Inmates of Ukrainian prisons have also been used as a source of manpower by Kiev authorities. In late May, the country’s justice minister announced that 363 convicts were released so they could join the military. Prisoners went through thorough screenings to ensure they posed no danger, he insisted.

Earlier this month, Zelensky’s top aide Mikhail Podolyak revealed that the Ukrainian military was losing up to 100 to 200 troops daily in the battle for the Donbass. Defense Minister Alexey Reznikov refused to give an exact number of Kiev troops killed in the fighting, but said he hoped the figure was below 100,000.

Climate and Space

  • Almost half of rivers contaminated by drugs – study RT

A shocking 43.5% of the world’s waterways are contaminated with drugs, according to a research team who published their findings on Wednesday in the journal Environmental Toxicology and Chemistry.

Led by the University of York’s Alejandra Bouzas-Monroy, the researchers analyzed 1,052 samples across 104 countries and found 23 separate pharmaceutical compounds at levels exceeding those considered “safe.” These included antidepressants, antihistamines, benzodiazepines, painkillers, and stimulants.

More than a third (34.1%) of the sites where multiple samples were taken had more than one location with drug concentrations found to be of “ecological concern.”

Dipshittery and Cope

United States

  • U.S. Defense Companies Are World-Class Innovators. Why Doesn’t Washington Know That? Forbes

Alright, which defense company paid this journalist to write this article?

The U.S. Department of Defense is a huge consumer of technology, and as a result America is home to many of the world’s biggest makers of military hardware.

If you were to infer from this that Americans have a love affair with defense companies, you’d be wrong. It is a longstanding tradition in the domestic political culture to view military contractors with suspicion.

That tradition is not confined to one party. During the 1920s, Republicans led the charge in labeling military suppliers like Dupont as “merchants of death.” Fifty years later, during the Vietnam War, it was Democrats who took the lead in condemning the “military-industrial complex.”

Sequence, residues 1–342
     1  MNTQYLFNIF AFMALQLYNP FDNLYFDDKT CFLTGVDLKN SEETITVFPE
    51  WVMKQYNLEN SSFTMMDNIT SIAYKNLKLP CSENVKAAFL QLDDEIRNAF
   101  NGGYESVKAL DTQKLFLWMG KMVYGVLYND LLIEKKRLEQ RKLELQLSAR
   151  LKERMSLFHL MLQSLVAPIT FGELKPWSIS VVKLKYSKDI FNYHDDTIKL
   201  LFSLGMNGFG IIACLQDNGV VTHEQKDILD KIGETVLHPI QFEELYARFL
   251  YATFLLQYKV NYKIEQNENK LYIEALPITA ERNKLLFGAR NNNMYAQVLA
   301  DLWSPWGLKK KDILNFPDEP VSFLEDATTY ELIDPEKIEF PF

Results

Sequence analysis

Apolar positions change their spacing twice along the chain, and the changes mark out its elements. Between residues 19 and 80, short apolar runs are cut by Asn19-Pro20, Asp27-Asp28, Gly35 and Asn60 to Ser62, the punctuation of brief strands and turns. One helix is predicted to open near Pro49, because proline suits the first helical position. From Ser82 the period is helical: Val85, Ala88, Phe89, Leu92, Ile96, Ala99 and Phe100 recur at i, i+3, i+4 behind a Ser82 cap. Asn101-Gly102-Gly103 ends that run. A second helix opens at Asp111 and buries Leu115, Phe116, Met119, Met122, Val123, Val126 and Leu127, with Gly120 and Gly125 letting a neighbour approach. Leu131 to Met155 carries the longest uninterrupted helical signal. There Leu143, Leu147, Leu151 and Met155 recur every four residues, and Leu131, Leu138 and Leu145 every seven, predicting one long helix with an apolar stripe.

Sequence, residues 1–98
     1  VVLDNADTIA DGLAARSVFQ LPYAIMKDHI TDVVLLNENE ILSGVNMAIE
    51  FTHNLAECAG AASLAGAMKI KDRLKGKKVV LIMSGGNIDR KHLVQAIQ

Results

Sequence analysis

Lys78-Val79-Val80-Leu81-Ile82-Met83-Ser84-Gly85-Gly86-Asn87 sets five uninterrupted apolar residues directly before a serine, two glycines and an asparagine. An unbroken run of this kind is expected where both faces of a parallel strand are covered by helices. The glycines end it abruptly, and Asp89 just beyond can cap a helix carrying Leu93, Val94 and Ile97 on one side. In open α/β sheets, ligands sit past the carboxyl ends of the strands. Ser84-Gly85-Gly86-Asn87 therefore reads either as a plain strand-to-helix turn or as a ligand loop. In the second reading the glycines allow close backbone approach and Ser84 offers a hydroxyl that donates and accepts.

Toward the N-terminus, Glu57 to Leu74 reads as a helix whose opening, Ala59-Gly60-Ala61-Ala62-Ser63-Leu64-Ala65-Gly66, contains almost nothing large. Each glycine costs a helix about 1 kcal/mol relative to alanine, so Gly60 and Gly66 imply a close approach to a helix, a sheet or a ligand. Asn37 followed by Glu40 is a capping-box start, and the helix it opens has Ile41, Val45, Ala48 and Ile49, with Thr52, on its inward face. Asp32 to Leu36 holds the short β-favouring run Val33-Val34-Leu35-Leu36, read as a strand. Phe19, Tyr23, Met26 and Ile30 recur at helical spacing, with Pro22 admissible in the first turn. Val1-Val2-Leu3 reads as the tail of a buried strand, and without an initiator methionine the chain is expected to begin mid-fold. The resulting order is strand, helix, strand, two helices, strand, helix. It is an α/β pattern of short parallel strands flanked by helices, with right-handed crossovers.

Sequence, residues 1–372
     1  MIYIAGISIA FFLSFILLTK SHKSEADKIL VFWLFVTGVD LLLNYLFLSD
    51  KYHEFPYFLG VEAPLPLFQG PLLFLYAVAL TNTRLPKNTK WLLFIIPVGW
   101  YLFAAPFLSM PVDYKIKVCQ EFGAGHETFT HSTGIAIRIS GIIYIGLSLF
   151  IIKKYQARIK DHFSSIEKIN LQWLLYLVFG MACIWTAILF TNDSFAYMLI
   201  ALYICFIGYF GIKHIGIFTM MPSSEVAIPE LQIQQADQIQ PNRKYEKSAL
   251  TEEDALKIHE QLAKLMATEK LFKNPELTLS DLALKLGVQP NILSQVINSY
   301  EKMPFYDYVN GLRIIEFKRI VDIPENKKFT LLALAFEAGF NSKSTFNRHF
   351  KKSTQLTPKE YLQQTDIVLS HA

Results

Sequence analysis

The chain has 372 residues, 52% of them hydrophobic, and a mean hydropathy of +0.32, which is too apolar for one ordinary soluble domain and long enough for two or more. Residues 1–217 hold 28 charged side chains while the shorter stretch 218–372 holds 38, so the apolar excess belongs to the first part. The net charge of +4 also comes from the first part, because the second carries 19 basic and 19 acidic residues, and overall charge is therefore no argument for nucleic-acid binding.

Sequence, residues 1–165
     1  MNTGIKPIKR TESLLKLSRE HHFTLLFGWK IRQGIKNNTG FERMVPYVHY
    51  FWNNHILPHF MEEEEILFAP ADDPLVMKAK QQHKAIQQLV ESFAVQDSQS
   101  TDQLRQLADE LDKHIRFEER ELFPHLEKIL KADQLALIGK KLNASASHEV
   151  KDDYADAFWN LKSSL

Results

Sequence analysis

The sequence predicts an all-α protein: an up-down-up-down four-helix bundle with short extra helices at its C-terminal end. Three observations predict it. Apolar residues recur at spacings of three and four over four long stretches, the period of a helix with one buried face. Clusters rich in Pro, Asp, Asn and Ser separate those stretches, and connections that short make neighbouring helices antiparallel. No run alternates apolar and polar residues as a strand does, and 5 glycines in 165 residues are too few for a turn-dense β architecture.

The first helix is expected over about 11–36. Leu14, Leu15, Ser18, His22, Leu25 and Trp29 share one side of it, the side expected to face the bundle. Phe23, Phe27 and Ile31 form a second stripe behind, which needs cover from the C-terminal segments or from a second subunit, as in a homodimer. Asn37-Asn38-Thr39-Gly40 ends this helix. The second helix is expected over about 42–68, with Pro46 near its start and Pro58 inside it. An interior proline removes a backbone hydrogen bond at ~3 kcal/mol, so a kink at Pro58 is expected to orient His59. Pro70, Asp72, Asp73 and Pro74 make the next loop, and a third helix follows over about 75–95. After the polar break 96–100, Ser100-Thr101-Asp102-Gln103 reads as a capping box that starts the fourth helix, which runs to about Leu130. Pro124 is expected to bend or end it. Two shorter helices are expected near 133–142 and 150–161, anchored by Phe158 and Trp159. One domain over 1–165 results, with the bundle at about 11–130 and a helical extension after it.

The latest wrinkle in this longstanding bipartisan bias is the charge that traditional defense companies are not innovative, and that if the Pentagon wants cutting-edge technology it needs to turn to commercial companies in Austin, Boston and Silicon Valley.

The allegation is basically wrong, but everybody in Washington seems to have embraced it. Republicans and Democrats alike believe that if the military is seeking innovative solutions to its challenges, Silicon Valley is the place to be.

Doubts about the defense industry’s ability to innovate are commonplace among analysts. For instance, the prestigious Boston Consulting Group regularly releases a ranking of the world’s most innovative companies.

Apple, Amazon and Alphabet generally top the list. No major military contractor manages to make it into the ranks of top fifty innovators. Coca-Cola and Pepsi do, but not Lockheed or Raytheon.

The companies that get positive coverage in the media when discussing defense acquisition tend to be small commercial enterprises with outspoken leaders, like Palantir.

Meanwhile, the big, traditional contractors are derided in the media on a regular basis for cost overruns, schedule delays and supposed performance shortfalls in their signature products.

Coverage of the Pentagon’s biggest weapon program, the F-35, is a case in point. Many members of Congress apparently believe the program is a mess. You would never guess from reading most of the coverage that F-35 outperforms legacy fighters on any mission you can name by a country mile; that it the most survivable fighter ever built; that it costs less to produce than an empty jetliner; and that it is the most reliable tactical aircraft in the joint fleet.

Having spent much of my professional life working with big defense companies, I have a pretty good idea of what they are capable of achieving. The best aren’t just innovative, they are among the most innovative enterprises in the world.

Holy shit, what dude?